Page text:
Ryan Howard works out without boot

CLEARWATER, Fla. -- The Phillies haven't had much positive health news this spring, but they got some Thursday when first baseman Ryan Howard worked out for the first time in nearly a month without wearing a protective boot on his left foot.

Howard, who is still recovering from Achilles tendon surgery in November and a late-February infection in the same area, played catch and fielded ground balls while seated on a stool Thursday morning. He said afterward that he still hasn't been cleared to take batting practice or resume other baseball activities.

Nevertheless, Howard wouldn't rule out the possibility that he could return to the lineup sometime in May.

"It may be. We'll see," he said. "The whole thing is making sure that everything has healed up, that it's 100 percent, and just to make sure that we don't have to have any setbacks, that we don't have any reoccurrences and things."

Howard left camp on Feb. 26 to undergo a procedure to clean up an infection around the sutures from his surgery. Since that procedure, he'd worn a boot that was designed to protect the area and allow the infection to fully heal.

He made a follow-up visit with the surgeon, Mark Myerson, in Baltimore on Wednesday and said he was told that while the infection isn't completely gone, it has progressed enough that he no longer needs to wear the boot.

Pointing at the baseball shoe on his foot Thursday, he joked: "This is a new invention called a left shoe. It's nice. It's good to be out of the boot."

Howard hasn't taken batting practice or worked out with his teammates in 3½ weeks. But he insisted Thursday that missing all that time didn't constitute a "setback."

"I don't think it's really set me back," he said, "because I think the biggest concern was the tendon, and the tendon was never an issue. The tendon was repaired. So even with me not doing what I was doing before from a rehab standpoint, the tendon was still getting stronger. Now I can get back to doing some more strength-building stuff. So I don't really think it was a setback at all."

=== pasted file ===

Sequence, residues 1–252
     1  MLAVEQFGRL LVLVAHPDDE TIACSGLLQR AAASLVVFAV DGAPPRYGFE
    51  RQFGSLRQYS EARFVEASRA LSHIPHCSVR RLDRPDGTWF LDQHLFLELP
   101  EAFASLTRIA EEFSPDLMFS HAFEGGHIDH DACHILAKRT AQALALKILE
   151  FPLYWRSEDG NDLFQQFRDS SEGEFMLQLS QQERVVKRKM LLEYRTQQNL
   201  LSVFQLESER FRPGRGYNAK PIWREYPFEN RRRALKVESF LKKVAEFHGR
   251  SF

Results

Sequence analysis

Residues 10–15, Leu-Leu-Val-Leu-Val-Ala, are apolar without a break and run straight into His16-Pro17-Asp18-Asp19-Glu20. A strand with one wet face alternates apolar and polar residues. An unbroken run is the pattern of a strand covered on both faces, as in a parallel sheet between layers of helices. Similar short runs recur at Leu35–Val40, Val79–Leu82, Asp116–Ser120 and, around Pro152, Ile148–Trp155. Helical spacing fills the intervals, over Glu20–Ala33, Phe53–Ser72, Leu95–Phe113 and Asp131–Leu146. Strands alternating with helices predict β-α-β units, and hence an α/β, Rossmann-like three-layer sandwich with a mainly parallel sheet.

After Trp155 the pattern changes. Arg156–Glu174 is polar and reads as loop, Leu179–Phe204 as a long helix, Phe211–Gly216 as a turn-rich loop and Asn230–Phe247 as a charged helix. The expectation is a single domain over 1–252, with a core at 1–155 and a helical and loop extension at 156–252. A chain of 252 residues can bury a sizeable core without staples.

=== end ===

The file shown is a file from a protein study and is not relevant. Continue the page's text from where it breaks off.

In fact, Howard called the infection "a blessing in disguise."

"It just slowed me down, basically, with my workouts and stuff like that," he said. "Sometimes I feel like maybe I would start too early. But it really just kind of taught me to slow down, listen to your body, take care of your body and just relax a little bit until this (injury) gets better."

Howard said he doesn't think he's far away from being in "baseball shape." But when he was asked about shortstop Jimmy Rollins' statements to ESPN.com earlier this month that it was possible that the 32-year-old first baseman wouldn't be fully healthy all year, Howard replied: "I guess there's only one way to find out."

"Everybody says it takes a full year (to recover) from this," he said, "but I think that's to get 100 percent of the strength back. ... The other stuff comes back pretty quickly."

Asked if he thinks he can still hit 40 home runs at less than full strength, Howard again said: "We'll see. We'll see."

The Phillies are almost certain to open the season without either Howard or second baseman Chase Utley in their lineup. And it's likely they'll be without both of them for an extended period. But Howard said he couldn't let Utley's absence, because of issues with both knees, affect the pace of his own recovery.

"With my situation, with Chase's situation, we both know that the best thing we have to do is take our time and make sure we're 100 percent," Howard said. "It doesn't make sense for either one of us to try to rush back. ... So for me, I'm just trying to stay on my path. And Chase is on his path."

"I'm not worried about our team," Howard added. "This isn't the first set of injuries that we've had, and it's not going to be the last. We've dealt with injuries over the past three or four years. We've never been that team to make excuses. We've got a lot of capable guys. If people want to look at it how they want to look at it, we've got a great group of guys -- and it all starts here in spring training -- that can go out there and do the job."